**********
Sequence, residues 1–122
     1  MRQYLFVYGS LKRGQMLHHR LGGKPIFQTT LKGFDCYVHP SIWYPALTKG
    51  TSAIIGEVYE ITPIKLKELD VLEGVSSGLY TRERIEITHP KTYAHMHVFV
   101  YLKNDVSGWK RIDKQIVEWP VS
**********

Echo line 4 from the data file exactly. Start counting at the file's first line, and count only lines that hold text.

   101  YLKNDVSGWK RIDKQIVEWP VS